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University of Minnesota student leaders demand campus police be disarmed

Student government pushes for demilitarization

A report from the University of Minnesota concluded that the public university should create “a formal review of options to demilitarize UMPD and eliminate the presence and use of military grade weapons, vehicles, and other resources.”

It has further bolstered student demands to remove lethal weapons from the hands of campus police.

The report, prepared by outside consultant Cedric Alexander, also recommended creating a “committee to address historical trauma,” “reimag[ining] policing” on and off-campus, and reviewing University of Minnesota Police Department “stops, arrests, and complaints.”

University officials had already cut ties with the Minneapolis Police Department following the George Floyd incident that sparked controversy in May of 2020.

“President [Joan] Gabel cancelled the UMN contract with the Minneapolis Police Department to provide special event support,” Alexander’s report said.

The university did not answer questions on what steps it would take to implement the proposals and the timeline for those changes.

“You can read more about this on the M Safe website,” Lacey Nygard, a spokesperson, told The College Fix via email. “Additionally the University’s Board of Regents and President just had a conversation about the safety review during its latest Board of Regents meeting.”

The M Safe page said the university will implement body cameras as soon as possible. The school will also continue “regular meetings with the mayors of Minneapolis and St. Paul to keep communication open and to coordinate, as needed, on public safety issues.”

Students take up campaign to demilitarize police

Student leaders have seized on the call to demilitarize the police force, with the student government recently introducing legislation to demand the university completely disarm the campus police.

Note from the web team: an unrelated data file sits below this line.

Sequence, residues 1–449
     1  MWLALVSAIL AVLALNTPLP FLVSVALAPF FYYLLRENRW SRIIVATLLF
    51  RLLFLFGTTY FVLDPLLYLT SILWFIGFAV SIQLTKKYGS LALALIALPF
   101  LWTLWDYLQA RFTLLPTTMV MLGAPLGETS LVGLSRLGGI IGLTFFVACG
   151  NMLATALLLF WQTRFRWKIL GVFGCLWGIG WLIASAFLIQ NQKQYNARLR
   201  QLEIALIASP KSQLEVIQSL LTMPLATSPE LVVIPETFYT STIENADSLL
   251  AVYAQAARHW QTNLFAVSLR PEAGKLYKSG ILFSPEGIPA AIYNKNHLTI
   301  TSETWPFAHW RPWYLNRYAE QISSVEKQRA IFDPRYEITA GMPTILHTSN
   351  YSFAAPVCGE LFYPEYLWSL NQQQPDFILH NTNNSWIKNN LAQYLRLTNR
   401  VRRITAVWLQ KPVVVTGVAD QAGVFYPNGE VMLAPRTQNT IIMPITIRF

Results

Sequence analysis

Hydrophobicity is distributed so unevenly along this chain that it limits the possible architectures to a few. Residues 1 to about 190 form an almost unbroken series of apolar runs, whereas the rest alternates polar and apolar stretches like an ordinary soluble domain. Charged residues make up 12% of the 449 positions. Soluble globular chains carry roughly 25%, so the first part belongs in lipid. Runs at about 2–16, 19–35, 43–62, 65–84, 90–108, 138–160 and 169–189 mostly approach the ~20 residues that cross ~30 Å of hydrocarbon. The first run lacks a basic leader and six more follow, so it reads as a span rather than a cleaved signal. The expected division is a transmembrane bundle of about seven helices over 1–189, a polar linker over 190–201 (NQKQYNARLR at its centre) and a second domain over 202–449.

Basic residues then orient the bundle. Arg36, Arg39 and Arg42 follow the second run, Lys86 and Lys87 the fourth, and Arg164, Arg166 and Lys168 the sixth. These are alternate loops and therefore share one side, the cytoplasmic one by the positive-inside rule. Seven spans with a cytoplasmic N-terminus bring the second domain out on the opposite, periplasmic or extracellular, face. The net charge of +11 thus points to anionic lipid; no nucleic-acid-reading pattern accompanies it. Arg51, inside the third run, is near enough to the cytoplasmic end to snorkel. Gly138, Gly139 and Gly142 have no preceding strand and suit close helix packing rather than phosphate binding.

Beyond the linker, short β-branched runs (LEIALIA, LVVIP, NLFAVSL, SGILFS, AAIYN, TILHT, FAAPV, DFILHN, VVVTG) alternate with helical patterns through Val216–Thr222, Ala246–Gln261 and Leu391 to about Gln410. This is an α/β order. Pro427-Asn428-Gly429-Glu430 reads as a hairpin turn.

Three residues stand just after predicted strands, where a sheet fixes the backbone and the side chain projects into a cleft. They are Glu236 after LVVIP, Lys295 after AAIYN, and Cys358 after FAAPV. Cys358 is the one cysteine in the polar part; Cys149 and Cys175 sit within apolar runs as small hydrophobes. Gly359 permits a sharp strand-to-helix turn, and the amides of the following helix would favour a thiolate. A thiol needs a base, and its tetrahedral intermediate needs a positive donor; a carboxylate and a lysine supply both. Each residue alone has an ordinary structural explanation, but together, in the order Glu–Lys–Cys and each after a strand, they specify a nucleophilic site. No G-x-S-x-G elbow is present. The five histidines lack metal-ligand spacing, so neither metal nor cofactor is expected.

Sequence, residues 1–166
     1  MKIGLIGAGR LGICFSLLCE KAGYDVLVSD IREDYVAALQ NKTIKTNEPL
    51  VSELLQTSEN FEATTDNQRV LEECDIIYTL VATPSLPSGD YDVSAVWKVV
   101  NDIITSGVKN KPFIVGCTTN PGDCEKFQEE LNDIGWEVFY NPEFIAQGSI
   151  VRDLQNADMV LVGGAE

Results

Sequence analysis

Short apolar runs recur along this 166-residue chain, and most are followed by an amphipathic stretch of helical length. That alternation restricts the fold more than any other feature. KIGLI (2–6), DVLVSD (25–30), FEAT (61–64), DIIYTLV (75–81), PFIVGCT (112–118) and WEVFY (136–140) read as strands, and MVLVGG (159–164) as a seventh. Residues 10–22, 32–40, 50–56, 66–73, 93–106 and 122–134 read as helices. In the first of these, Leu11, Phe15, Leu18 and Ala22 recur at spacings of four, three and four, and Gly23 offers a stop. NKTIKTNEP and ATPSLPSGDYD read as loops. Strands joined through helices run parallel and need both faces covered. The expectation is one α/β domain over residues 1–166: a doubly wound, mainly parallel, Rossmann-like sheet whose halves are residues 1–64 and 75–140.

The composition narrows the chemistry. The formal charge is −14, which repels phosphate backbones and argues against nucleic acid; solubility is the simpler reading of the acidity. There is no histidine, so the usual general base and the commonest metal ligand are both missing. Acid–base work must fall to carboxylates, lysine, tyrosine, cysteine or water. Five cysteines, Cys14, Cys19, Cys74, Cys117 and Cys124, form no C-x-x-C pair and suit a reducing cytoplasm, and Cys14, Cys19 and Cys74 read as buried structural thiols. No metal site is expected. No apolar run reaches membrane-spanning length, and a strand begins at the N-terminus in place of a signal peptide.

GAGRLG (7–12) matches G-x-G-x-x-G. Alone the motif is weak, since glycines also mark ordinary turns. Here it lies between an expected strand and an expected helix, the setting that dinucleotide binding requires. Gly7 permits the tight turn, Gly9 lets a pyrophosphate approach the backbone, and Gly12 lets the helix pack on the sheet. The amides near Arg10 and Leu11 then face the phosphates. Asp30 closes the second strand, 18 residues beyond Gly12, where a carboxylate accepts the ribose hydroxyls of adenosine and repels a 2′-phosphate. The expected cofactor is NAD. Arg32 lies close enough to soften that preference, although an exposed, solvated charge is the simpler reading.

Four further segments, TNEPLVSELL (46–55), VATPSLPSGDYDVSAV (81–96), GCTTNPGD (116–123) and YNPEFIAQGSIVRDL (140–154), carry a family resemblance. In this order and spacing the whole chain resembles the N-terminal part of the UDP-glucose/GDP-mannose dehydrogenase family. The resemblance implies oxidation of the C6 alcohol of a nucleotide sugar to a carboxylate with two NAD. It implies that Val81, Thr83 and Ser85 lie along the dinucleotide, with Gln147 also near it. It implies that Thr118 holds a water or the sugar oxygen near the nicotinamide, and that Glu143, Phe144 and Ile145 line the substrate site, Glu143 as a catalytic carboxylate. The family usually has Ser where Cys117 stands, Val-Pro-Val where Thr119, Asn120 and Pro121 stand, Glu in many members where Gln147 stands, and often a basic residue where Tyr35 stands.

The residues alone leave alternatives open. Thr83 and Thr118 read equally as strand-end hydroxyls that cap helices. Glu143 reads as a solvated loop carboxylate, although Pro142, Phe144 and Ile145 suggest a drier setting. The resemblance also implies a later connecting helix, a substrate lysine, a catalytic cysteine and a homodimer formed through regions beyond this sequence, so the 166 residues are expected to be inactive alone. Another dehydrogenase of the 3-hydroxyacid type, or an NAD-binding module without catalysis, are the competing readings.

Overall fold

“The origin of policing in protecting settlers at the expense of indigenous people and enforcing slavery, as well as the contemporary issues that led to the killing of George Floyd, make it difficult for affected communities to trust the police,” the bill said, according to the campus paper The Minnesota Daily.

The newspaper did not link to a copy of the legislation and the student association website does not list the legislation under its tracker.

The student association did not respond to a Facebook message and an email seeking a copy of the legislation in the past week from The Fix. Its Facebook page has made no mention of the legislation.

“AR-15’s [sic], which are deemed to be military-grade firearms, should have no place in civilian law enforcement; the demilitarization of police forces is desirable as a general matter,” the bill said, according to the student paper.

MORE: U. Minnesota student claims police racially profiled him, video challenges his claim

The campus police have contributed ideas to help address potential problems in the department.

The UMPD Chief Matt Clark had drafted goals and recommendations for his department and submitted them to the Board of Regents in October 2020, according to the report.

His requests included supporting the use of body cameras, increasing officer numbers and figuring out ways to become better established as a trusted service within the community.

During the consultant’s listening session with UMPD, the officers said “community engagement is much more challenging than six months ago” and that there was “an uptick in harassment while doing simple traffic stops.”

A university student recently accused the police department of racially profiling him, though video footage disproved the unnamed student’s accusations.

The police originally believed the student was a “white male,” according to video of the incident. The student is a racial minority. The police briefly spoke to the student and apologized for stopping him after realizing he did not fit the description of a robbery suspect.

Alexander, the consultant, found few public complaints filed against the campus police.

There were a total of seven complaints filed from the years of 2018 to 2020. There were also only eight instances of force used, including tackling suspects, in 2020 compared to the 467 citations and arrests that were made.

The campus police did not reply to multiple emailed requests for comment in the past several weeks from The Fix regarding its stance on the report.

MORE: University of Minnesota librarians release anti-racism research guide

IMAGE: Konstantin Sokolov 1973 / Shutterstock

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About the Author
Hayley Tschetter - University of Northwestern - St. Paul